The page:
Expat Ukraine Forum

Expatriate Life => Education - Children => Topic started by: Reggie on 11:25 19-Mar-2018

Title: Care of Children in Ukraine
Post by: Reggie on 11:25 19-Mar-2018
I don't remember who I was arguing with about this.

But here you go:  A little girl about 8, pushing a newborn/toddler in freezing weather, in the middle of the street (where the cars drive), with no parents around.  They just went right on down the street; walking in the middle of the street.

The father seems to go to work; and the mother puts the kids on the street to play when her boyfriend (or who I suspect is her boyfriend) comes to visit.

They have a fenced in garden BTW; so don't think the middle of street is the only place for a toddler to play.

I see this all the time here.   I don't remember who was throwing a fit about this 'not being true,' but there you go: my eyes and cell phone camera work.



Title: Re: Care of Children in Ukraine
Post by: Danno99 on 16:45 19-Mar-2018
I don't remember who I was arguing with about this.

But here you go:  A little girl about 8, pushing a newborn/toddler in freezing weather, in the middle of the street (where the cars drive), with no parents around.  They just went right on down the street; walking in the middle of the street.

The father seems to go to work; and the mother puts the kids on the street to play when her boyfriend (or who I suspect is her boyfriend) comes to visit.

They have a fenced in garden BTW; so don't think the middle of street is the only place for a toddler to play.

I see this all the time here.   I don't remember who was throwing a fit about this 'not being true,' but there you go: my eyes and cell phone camera work.

And you could find even more crazy examples of this in the USA. This week I saw a story where a 9 month old baby was found in the middle of the street, 2 blocks from his home. Baby-Momma shows up on scene and claims he was in a baby seat in her car and some how managed to get out (kid you not).
Title: Re: Care of Children in Ukraine
Post by: Reggie on 19:41 19-Mar-2018
I don't remember who I was arguing with about this.

But here you go:  A little girl about 8, pushing a newborn/toddler in freezing weather, in the middle of the street (where the cars drive), with no parents around.  They just went right on down the street; walking in the middle of the street.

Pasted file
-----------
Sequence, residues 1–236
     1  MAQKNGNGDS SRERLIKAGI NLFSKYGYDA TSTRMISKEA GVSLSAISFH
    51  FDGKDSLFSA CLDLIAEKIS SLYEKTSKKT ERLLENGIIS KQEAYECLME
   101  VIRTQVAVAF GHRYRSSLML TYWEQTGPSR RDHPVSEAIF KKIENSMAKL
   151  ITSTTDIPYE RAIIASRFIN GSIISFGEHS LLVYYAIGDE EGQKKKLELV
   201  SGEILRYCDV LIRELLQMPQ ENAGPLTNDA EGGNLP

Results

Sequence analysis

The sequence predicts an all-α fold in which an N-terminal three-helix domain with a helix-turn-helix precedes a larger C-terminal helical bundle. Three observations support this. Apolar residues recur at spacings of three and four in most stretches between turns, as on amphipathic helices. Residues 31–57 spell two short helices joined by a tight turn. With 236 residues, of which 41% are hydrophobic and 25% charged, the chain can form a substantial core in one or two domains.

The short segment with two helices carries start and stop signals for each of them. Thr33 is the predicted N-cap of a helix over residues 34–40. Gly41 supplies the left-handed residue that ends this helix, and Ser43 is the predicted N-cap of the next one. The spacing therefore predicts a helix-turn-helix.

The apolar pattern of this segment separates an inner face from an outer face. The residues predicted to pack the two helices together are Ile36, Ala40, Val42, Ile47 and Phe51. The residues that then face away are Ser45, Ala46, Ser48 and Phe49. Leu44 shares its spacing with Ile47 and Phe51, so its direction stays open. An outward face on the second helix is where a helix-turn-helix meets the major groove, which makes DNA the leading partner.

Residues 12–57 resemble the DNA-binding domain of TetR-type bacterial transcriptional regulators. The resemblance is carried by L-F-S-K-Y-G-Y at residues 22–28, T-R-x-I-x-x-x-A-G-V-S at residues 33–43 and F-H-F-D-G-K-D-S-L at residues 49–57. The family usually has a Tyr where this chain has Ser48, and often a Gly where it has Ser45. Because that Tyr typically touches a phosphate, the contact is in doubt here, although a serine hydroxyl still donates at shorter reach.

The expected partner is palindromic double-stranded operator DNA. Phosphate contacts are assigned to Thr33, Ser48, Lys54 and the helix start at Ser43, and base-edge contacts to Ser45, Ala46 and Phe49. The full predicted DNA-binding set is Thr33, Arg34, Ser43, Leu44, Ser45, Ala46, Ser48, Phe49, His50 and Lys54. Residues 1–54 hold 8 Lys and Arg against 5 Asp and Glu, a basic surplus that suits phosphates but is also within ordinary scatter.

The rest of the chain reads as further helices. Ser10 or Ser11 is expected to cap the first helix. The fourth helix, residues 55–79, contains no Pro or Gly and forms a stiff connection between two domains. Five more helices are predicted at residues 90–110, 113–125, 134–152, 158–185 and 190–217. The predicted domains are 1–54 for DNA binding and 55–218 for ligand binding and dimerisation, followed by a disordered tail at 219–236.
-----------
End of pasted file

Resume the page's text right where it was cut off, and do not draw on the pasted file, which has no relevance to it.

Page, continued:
The father seems to go to work; and the mother puts the kids on the street to play when her boyfriend (or who I suspect is her boyfriend) comes to visit.

They have a fenced in garden BTW; so don't think the middle of street is the only place for a toddler to play.

I see this all the time here.   I don't remember who was throwing a fit about this 'not being true,' but there you go: my eyes and cell phone camera work.

And you could find even more crazy examples of this in the USA. This week I saw a story where a 9 month old baby was found in the middle of the street, 2 blocks from his home. Baby-Momma shows up on scene and claims he was in a baby seat in her car and some how managed to get out (kid you not).

Oh no.  I agree that it's a problem elsewhere too.

But in the U.S. if 2 kids were wandering down the road, without parents, in the freezing snow, and one them 1 year old in a stroller; the cops would be called; the neighbors would say something; social services would get involved and check out the parents; a judge might look at it.  You know ... there would be some scrutiny.

A little baby being dragged across the middle of a road, in the snow, without any adults around ... oh yeah, the cops are coming in the U.S., someone is going to report it; the neighbors might get involved.   

Here you know ... nobody cares.  Even if the cops or social services came ... they wouldn't care, and in fact don't care, because I tend to see this type of thing somewhat regularly. 
Title: Re: Care of Children in Ukraine
Post by: Danno99 on 20:01 31-Mar-2018
I don't remember who I was arguing with about this.

But here you go:  A little girl about 8, pushing a newborn/toddler in freezing weather, in the middle of the street (where the cars drive), with no parents around.  They just went right on down the street; walking in the middle of the street.

The father seems to go to work; and the mother puts the kids on the street to play when her boyfriend (or who I suspect is her boyfriend) comes to visit.

They have a fenced in garden BTW; so don't think the middle of street is the only place for a toddler to play.

I see this all the time here.   I don't remember who was throwing a fit about this 'not being true,' but there you go: my eyes and cell phone camera work.